Keeping it low-key

A talented writer-director bangs the drum for plain, unremarkable lives

<strong>The Visitor (

There is something slightly worthy and Womad about The Visitor, but don't let that put you off. Its writer-director, Tom McCarthy, is a safe pair of hands; remember the miracles he worked on The Station Agent, a film that thrummed with honesty despite resembling something churned out by the Sundance Festival sausage-machine? He has done it again with this low-key picture about a middle-aged square whose life is changed by an ebullient foreigner. Admittedly, this concept is so tired that it was recently given an official burial by the Writers Guild of America. McCarthy, however, makes it breathe.

It helps enormously that he has the actor Richard Jenkins on his team. Jenkins has one of the truest faces in the business - acne-pitted, dishrag-grey, unexceptional. Could his expression of eternal disappointment have stemmed from his having only just landed his first leading role after more than 30 years? No. He always looked like that.

What Jenkins does in The Visitor is close to perfect acting - still, quiet and unshowy. He plays Walter Vale, a widowed Connecticut professor who calls in at his long-unoccupied apartment in New York during a business trip and finds a young couple there who have been duped into renting the place. Tarek (Haaz Sleiman) is a Syrian musician who specialises in the djembe, an African drum; his Senegalese girlfriend, Zainab (Danai Gurira), makes jewellery. Walter surprises himself by taking pity and allowing them to stay on.

He starts hanging out and learning the djembe with Tarek, who presents him with a Fela Kuti CD. A corny touch, you might think, just like the moment when Zainab gives Walter a funky African bracelet, but McCarthy gets much mileage out of it. Kuti's music starts jostling for space on the soundtrack with the film's genteel piano score (by Jan A P Kaczmarek), reflecting the influence that Tarek is having on Walter. And it's somehow perfect that we discover Tarek has also sent a CD to his beloved mother, Mouna (Hiam Abbass) - it's the cast recording of The Phantom of the Opera, which he picked out to give her a taste of his new neighbourhood.

Mostly The Visitor is so persuasive because none of its characters behave like they're in a film. Take the scene in which Tarek is arrested. He and Walter have been playing the djembe in Central Park, as you do. When I tell you that Walter, in shirtsleeves and specs, joins a line of African musicians and accompanies the drumming with the full "white man's overbite", as Billy Crystal calls it in When Harry Met Sally - well, you must believe me that Jenkins gives even this Benetton moment some heft. As Walter and his friend make their way home, the police apprehend Tarek, who turns out to be in the US illegally. Walter doesn't rail against the injustice of it all, or deliver one of those perfect cinematic soliloquies ("You can't handle the truth . . .", "I'm mad as hell and I'm not going to take it any more . . ." and so on). After objecting ineffectually, he merely does what most people would do. He fades into the background.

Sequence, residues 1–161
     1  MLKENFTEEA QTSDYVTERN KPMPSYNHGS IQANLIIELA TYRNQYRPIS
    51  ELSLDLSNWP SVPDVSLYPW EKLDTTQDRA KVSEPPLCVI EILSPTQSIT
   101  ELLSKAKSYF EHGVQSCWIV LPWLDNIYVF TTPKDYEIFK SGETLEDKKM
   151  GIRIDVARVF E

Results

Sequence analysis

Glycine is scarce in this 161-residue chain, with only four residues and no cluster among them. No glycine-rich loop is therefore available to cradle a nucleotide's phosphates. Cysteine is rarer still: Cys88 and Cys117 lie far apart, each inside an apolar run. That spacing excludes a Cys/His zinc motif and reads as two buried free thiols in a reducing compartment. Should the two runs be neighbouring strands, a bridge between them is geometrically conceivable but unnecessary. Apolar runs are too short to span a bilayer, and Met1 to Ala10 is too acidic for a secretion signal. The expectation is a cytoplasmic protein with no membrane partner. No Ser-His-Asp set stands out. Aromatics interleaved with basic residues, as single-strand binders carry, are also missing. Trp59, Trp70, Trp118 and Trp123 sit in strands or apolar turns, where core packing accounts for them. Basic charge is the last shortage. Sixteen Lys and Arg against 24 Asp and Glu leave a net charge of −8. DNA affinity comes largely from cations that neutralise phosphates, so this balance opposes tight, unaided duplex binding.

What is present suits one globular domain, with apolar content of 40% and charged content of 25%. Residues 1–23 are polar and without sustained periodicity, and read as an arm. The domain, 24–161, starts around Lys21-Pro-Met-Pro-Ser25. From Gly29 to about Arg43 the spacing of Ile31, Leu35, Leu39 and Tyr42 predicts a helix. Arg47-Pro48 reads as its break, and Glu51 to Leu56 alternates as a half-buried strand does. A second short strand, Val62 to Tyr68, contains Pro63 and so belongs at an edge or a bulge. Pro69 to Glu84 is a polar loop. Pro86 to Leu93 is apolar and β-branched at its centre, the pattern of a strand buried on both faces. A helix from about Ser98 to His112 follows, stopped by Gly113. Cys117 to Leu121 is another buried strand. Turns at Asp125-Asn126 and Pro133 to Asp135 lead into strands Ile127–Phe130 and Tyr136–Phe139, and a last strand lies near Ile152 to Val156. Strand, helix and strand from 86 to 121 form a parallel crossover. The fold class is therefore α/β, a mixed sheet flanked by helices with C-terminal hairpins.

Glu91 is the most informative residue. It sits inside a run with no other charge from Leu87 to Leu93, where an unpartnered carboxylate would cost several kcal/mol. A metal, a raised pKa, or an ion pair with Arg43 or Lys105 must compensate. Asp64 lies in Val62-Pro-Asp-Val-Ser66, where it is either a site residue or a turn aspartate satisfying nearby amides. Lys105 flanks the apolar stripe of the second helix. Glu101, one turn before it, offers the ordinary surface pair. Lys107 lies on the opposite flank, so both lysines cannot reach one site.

With The Visitor, McCarthy has set himself the tricky task of dramatising powerlessness. A screenwriter once told me that if you have a passive protagonist, you can knock a nought off your expected gross. Well, that's Walter - while he doesn't exactly twiddle his thumbs, his good deeds are either thwarted or ignored, and when he does lose his temper, it doesn't change anything. The characters don't become entangled in bureaucracy after Tarek is bundled off to a detention centre - they are simply stonewalled, with not so much as a corrupt official to harangue. That is why the fragments of emotional contact they make with one another become so nourishing, and so disproportionately potent.

Like other notable immigrant stories such as In This World or Last Resort, the film argues implicitly that the connections we make with one another represent our most robust defence against the powers that govern us. It brought to mind my favourite Charles Bukowski poem, "59 cents a pound", which also bangs the drum for plain, unremarkable lives, and ends: "The generals and doctors may kill us/but we have/won."

Pick of the week

My Winnipeg (12A)
dir: Guy Maddin
Brilliant docu-fantasy from the witty, avant-garde Canadian.

The Mist (15)
dir: Frank Darabont
Stephen King horror with political overtones.

Couscous (15)
dir: Abdellatif Kechiche
Insightful drama about an Arab immigrant who opens a restaurant in Sète.

Ryan Gilbey is the New Statesman's film critic. He is also the author of It Don't Worry Me (Faber), about 1970s US cinema, and a study of Groundhog Day in the "Modern Classics" series (BFI Publishing). He was named reviewer of the year in the 2007 Press Gazette awards.

This article first appeared in the 07 July 2008 issue of the New Statesman, British childhood